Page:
“Finally, I want to thank the organizers for a stimulating and productive workshop. The casual discussions at lunchtime, in the hallways, at dinners, at the barbeque, and over lemonade and cookies were by far more lively than one typically finds at conferences.”
Organizing a Summer Workshop
About Aspen's Summer WorkshopsWorkshops play an essential role at the Aspen Center for Physics with unique characteristics that are central to their success. First, they include participants with a broad spectrum of experience and expertise bringing together the leaders in a given field with outstanding younger scientists and members of underrepresented groups. This mix provides an exciting and fruitful atmosphere of collaboration and creativity, and we ask that you keep this goal in mind when organizing your workshop.
A second and very special character of the Aspen workshops is their informality. There are no proceedings, and participants come to talk with one another about exciting ideas and problems rather than to talk at one another about work already completed. New research is often initiated and even completed in Aspen, and there are numerous examples of influential papers and areas of research than can trace their origins to an Aspen workshop. Thus the Aspen workshops bear little resemblance to the workshop/conferences that are held elsewhere. To preserve this essential element, we ask that you limit your weekly schedule to no more than three sessions, preferably chalk talks, and each lasting no more than three hours. The most successful workshops often hold the fewest formal sessions. Before scheduling your meetings, please see the Participants Comments on the left.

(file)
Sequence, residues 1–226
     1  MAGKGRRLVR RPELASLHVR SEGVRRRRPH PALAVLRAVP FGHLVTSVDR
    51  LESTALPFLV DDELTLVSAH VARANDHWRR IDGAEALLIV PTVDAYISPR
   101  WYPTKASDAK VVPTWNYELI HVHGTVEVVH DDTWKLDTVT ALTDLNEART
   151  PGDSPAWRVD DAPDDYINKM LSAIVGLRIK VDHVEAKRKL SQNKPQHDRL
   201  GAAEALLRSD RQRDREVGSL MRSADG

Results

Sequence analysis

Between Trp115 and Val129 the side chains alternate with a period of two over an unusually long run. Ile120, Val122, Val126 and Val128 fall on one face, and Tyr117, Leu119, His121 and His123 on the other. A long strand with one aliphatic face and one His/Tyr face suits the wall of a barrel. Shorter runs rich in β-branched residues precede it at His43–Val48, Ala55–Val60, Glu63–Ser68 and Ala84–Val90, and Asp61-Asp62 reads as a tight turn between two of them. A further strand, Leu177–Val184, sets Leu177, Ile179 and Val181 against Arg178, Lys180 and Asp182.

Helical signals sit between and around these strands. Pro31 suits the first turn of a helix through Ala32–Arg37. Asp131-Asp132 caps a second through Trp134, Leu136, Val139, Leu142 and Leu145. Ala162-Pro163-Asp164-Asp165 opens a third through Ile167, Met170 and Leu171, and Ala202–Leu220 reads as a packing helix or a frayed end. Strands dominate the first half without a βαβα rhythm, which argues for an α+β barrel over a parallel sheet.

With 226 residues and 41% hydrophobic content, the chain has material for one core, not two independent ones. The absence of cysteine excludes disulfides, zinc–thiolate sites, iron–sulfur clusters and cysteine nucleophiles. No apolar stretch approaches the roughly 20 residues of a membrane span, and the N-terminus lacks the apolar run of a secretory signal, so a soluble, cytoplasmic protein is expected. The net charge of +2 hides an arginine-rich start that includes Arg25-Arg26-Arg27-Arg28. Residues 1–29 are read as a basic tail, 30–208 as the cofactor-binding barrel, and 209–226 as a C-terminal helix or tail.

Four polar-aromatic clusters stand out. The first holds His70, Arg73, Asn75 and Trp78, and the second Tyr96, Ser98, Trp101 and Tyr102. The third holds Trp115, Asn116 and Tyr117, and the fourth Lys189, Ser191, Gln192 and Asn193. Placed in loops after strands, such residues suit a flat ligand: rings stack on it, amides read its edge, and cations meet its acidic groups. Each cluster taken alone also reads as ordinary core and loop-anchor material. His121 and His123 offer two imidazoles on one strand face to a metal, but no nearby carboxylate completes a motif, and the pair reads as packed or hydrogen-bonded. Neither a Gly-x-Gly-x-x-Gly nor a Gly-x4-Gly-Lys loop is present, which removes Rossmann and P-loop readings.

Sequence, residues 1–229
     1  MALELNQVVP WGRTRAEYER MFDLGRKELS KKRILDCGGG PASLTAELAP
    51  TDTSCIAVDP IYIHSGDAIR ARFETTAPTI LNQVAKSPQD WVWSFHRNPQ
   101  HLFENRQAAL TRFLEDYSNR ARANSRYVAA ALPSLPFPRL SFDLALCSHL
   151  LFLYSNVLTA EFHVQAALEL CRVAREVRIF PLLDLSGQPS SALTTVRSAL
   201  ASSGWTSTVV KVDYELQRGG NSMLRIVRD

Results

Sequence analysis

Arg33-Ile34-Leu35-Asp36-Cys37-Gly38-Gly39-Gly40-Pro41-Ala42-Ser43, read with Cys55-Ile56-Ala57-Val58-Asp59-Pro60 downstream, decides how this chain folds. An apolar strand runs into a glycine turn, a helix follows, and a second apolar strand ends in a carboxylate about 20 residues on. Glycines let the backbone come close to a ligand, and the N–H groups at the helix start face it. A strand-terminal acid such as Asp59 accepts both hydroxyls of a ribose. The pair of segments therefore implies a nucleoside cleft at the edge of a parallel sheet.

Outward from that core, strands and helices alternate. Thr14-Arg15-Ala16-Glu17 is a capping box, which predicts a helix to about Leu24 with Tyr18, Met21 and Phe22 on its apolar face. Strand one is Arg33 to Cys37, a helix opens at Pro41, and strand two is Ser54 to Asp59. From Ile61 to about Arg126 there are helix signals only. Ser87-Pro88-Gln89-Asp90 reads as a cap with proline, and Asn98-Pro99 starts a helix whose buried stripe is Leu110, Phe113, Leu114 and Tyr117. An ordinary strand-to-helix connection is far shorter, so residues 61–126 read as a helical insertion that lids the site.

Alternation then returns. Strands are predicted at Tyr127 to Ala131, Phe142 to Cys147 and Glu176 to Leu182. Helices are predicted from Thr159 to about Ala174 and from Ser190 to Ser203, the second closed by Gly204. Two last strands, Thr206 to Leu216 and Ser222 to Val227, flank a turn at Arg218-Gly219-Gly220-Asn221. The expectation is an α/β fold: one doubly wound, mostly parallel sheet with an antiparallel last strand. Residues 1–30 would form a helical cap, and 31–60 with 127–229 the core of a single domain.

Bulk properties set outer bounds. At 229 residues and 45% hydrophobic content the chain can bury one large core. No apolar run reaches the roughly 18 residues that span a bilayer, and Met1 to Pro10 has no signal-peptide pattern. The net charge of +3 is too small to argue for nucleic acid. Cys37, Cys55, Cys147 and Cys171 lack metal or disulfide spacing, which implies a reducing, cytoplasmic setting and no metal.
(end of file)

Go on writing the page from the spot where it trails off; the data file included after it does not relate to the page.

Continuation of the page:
Submitting a ProposalClick on the “Proposals” link to the left to read submission guidelines and to submit your proposal.
Keep in MindThe limited office space at the Physics Center, together with the need to run more than one workshop at a time and to accommodate individual researchers, means that each workshop must be limited in size to 25 or 30 participants. Aspen is not a summer school, and graduate students are not normally admitted.
The average stay at Aspen is three weeks, and we strongly encourage all workshop participants to spend at least that much time here. The continuity of thought essential for the success of your workshop depends critically on almost all participants staying for the entire length of the workshop. Short stays are detrimental to the effectiveness of the workshops and are strongly discouraged. In exceptional cases, shorter stays may be arranged for experimentalists whose participation is crucial to the workshop. All theorists must commit to a minimum stay of two weeks.
All individuals, including you as organizers, who wish to participate in your workshop must apply before January 31. The Admissions Committee will meet in early March to determine the participant list. You will also receive emails advising you of your duties in helping the committee complete a well rounded roster. Organizers do not choose the full makeup of their workshops because there are many factors that the Admissions Committee must consider: simultaneous workshops, the number of available desks, diversity and other issues. Notices will be emailed to all applicants in mid-March regarding their admission status.